An interstice left open between the two flaps permitted a fall view of the interior.
There was only one crack, and that a very little one; nevertheless he worked his claws into the interstice and dug.
There seemed to be no interstice, no crevice into which he might insert the keen probe of his marvelous deductive power.
I showed him that the sliver taken from the slipper fitted exactly the interstice I had indicated.
There was an interstice through which I got my hand, and put that figure-peg in place again.
He made a movement to close the door, but Marcos put his thickly booted foot in the interstice.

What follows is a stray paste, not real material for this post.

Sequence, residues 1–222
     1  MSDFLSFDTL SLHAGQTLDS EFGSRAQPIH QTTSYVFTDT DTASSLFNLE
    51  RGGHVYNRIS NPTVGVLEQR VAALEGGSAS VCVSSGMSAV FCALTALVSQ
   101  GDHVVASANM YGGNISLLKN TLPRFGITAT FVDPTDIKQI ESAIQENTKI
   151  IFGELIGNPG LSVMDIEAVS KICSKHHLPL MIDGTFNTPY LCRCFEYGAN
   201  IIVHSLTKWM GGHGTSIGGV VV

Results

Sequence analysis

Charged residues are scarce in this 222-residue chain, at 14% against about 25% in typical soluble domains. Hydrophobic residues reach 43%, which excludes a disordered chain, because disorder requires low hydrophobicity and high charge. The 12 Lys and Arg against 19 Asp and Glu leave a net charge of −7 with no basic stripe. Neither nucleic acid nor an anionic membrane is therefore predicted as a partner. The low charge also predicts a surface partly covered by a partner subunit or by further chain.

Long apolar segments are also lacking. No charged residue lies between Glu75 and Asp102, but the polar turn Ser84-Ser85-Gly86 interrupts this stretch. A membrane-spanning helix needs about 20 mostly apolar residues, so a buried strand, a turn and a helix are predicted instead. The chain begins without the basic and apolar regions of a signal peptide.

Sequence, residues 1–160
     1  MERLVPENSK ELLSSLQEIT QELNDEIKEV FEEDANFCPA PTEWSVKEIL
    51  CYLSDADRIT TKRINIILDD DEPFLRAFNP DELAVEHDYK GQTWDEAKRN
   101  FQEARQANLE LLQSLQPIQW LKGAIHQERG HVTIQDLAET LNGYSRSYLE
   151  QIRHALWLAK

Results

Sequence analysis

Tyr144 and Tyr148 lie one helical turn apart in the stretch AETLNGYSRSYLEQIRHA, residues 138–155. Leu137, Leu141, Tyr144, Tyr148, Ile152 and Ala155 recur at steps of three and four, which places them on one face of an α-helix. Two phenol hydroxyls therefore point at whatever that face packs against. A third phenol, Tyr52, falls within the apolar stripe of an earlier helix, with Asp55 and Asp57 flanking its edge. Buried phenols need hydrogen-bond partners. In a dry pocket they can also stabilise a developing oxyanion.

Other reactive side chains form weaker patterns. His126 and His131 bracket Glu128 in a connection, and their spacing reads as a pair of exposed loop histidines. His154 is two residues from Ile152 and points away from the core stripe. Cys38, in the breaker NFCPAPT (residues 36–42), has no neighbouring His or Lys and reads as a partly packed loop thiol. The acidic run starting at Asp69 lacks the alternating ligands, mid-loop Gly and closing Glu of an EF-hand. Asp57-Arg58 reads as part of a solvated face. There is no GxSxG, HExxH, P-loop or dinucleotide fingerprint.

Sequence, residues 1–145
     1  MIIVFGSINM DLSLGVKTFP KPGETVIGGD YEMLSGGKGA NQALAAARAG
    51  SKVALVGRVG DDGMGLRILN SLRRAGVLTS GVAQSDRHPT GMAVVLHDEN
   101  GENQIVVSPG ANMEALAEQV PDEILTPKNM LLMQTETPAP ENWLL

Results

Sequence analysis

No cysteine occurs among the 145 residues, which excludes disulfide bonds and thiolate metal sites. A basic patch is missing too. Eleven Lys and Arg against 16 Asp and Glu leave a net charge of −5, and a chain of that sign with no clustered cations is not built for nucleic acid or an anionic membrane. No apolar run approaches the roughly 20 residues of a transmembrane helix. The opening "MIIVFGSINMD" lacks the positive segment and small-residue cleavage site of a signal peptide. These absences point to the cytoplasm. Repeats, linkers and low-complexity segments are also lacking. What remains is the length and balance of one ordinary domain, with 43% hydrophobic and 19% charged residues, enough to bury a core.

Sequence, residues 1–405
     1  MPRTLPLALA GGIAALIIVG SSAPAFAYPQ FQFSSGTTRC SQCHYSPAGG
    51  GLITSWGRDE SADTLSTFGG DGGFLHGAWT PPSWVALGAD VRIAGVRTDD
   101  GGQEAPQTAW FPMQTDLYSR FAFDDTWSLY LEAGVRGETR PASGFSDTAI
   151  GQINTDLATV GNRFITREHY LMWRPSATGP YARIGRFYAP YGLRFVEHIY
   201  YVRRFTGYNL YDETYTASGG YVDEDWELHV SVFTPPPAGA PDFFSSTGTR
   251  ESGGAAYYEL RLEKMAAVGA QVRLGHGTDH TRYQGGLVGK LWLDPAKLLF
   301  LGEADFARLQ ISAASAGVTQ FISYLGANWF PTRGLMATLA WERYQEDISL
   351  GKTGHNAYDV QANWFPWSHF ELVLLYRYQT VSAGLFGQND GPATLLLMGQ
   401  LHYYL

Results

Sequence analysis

He had noticed that the door was not quite closed, and the interstice irresistibly fascinated him.
The lights were all off; a pencil of moonlight here and there from an interstice in the curtains alone touched her as she passed.
Through an interstice she was able to see all the persons seated at the other table.
Silence broods in the arena, and in every interstice the maidenhair fern grows rife among the decaying stones.
interstice in·ter·stice (ĭn-tûr'stĭs)
n. pl. in·ter·stic·es (-stĭ-sēz', -sĭz)
A small area, space, or hole in the substance of an organ or tissue.